May 2007


the basement was more or less what he had expected. a bare cement floor and brick walls enclosed a hot water heater, a gigantic furnace. an old workbench that hadn’t been used in years, piles of boxes that god only knew what was in them, and a toilet next to a huge cast-iron sink in one corner. he turned on the taps and water came. it was brown but at least he had water. the toilet actually flushed, too.

he piled all the boxes up next to the furnace to make a sort of wall so he could pretend it wasn’t there, swept out the open space that removing the boxes had made, and moved what was left of his stuff down from the third floor. to his surprise he discovered that with the boxes out of the way, even discounting all the room the furnace took up, he had more floor-space than his last apartment. the basement felt roomy by comparison. there was some good in every evil, he thought.

his bed long since sold, he scrounged around in the department store warehouse until he found several large squares of packing-foam, six inches thick. over the course of a week, he hauled them home on the bus one at a time and made himself what turned out to be one of the most comfortable beds he had ever slept in. it was, he reflected every night as he lay there drifting off, like sleeping on a cloud.

he turned the workbench into his kitchen: cooler underneath, a few dishes and pans lined up on top to the far right, toaster-oven and hotplates and a basket of silverware to the far left. the honorable center space between them was occupied by his precious deserts in endless rotation: today a blueberry pie, tomorrow a box of Congo bars, the day after a chocolate roll-cake with marshmallow filling. on the tool shelf above the bench, he put his canned goods, his cereal, and his sugar and instant coffee. it wasn’t exactly home but it could have been a lot worse.

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harvey nitzinger wandered into the uptown bar yesterday afternoon looking like the seven hounds of hell had dragged him through eight of the nine levels and then decided to let him go because he wasn’t fun any more. i’d heard he’d had a reversal of fortune, so to speak, so i sidled up and offered to buy him a drink. you’d have thought i’d offered to take his place on a chain gang, he was that grateful.

“ain’t seen you around in a few months, harvey,” i said. “where you been?”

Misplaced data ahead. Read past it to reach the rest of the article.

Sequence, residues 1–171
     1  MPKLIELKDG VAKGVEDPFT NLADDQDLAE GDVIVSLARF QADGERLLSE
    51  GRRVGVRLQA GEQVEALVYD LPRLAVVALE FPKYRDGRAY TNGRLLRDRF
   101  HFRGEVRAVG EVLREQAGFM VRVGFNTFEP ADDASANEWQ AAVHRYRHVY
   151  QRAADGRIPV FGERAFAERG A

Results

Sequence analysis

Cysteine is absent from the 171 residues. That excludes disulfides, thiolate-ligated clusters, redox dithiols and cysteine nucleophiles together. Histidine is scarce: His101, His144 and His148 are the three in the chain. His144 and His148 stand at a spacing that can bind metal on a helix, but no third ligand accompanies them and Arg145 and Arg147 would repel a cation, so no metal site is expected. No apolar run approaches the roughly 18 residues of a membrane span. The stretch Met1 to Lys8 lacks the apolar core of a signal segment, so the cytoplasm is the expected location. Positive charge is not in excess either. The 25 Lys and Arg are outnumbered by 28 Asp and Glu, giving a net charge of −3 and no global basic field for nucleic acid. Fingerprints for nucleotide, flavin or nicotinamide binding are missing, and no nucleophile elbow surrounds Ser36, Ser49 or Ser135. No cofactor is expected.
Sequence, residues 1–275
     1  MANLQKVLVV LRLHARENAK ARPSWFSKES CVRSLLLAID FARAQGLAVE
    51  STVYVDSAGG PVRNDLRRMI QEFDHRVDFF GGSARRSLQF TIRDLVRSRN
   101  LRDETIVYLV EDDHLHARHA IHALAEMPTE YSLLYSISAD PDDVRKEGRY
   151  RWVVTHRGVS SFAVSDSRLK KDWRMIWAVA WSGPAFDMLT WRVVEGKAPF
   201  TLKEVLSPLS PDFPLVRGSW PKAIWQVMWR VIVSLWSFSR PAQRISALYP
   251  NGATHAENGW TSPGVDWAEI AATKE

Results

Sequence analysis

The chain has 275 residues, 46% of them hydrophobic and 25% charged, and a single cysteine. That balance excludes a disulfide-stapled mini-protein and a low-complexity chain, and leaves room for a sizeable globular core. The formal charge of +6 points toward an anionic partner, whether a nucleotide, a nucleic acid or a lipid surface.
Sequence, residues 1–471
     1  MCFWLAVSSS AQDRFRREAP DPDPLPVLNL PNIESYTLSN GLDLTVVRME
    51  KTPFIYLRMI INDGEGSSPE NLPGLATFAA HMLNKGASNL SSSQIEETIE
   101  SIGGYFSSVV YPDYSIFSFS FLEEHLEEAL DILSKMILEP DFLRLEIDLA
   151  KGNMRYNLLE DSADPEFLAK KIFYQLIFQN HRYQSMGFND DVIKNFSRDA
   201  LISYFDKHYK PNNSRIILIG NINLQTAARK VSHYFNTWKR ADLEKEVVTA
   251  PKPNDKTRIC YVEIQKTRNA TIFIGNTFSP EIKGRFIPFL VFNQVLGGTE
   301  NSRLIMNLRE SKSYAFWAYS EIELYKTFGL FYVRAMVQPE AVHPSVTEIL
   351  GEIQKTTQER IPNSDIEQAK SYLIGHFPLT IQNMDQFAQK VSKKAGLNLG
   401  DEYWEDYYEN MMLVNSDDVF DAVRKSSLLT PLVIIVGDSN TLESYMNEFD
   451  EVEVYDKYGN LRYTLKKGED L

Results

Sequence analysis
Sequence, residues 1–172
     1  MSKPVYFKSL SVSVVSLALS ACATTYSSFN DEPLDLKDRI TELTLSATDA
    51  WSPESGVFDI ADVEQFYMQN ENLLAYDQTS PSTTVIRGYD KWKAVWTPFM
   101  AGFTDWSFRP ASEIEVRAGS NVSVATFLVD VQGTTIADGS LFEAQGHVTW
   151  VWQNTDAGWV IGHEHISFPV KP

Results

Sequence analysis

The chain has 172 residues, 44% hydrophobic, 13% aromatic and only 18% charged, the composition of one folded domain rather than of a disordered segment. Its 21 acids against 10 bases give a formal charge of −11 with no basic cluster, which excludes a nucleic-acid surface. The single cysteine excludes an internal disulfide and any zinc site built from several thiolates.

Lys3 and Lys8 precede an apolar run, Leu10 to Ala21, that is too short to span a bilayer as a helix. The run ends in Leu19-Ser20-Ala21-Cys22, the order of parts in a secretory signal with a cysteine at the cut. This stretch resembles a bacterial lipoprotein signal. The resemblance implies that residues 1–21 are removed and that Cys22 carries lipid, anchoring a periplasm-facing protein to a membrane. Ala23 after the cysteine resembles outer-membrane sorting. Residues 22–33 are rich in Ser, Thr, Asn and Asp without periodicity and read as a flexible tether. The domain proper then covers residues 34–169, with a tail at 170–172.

“if i told you, you wouldn’t believe it,” he said, shaking his head. this i had to hear, so i bought him another drink.

eight or nine years ago, harvey had moved into miss justine ermintrude’s apartment building. at the time, he was a sales rep for a big computer chip manufacturer and riding high. he took miss justine’s $6000 a month penthouse with the built-in sauna and a bird’s-eye view of the harbor and gold leaf in the window trim. he was in his early forties, wasn’t married, was reasonably fit and good-looking, didn’t gamble or drink much, and had women following him around like dogs will follow a steak. he had a pretty good life, i guess, as these things go.

then, three years back this was, he’d gone and made a little mistake. he’d gotten himself involved with the wife of his company’s chief financial officer, one gary welchick, and gary found out about it. he wasn’t amused. the divorce was messy as hell but that was only the beginning. he wanted harvey’s scalp hanging on his teepee pole (that’s the way he put it), and he fixed the books so it looked like harvey had been stealing from the company for months. they fired him, of course, though gary made sure it didn’t go any further than that (though the odds were against it, you never can tell when you might stumble on a cop bright enough to figure out what really happened, and gary didn’t see any sense in taking the chance), but he did make sure the word got around. Before you could say persona non grata, harvey was. everywhere.

he moved out of the penthouse, of course, and took a small three-room apartment on the sixth floor. he had some savings and he was sure he’d land another good job real soon. miss justine was sympathetic. these things happened. she had suffered herself. life was hard but she was sure he’d pick himself up and be back on top in no time.

at first he managed to get a job selling computer hardware for a small outfit over on mott street, but then they moved their whole operation to india, lock-stock-and-barrel, and harvey wasn’t invited to make the trip. he was out of work for months after that and his savings slimmed down dramatically. he moved to an even smaller two-room apartment on the fifth floor. the rooms were so small you could have fit both of them in one of the 6th-floor rooms. he had to sell most of his furniture because he couldn’t afford to store it any more. miss justine frowned and shook her head when she rented it to him.

“seems like you just can’t get a break, mr. nitzinger,” she said. “a good man like you. it’s a shame. but i’m sure your luck is going to improve any day now. you just keep swinging.”

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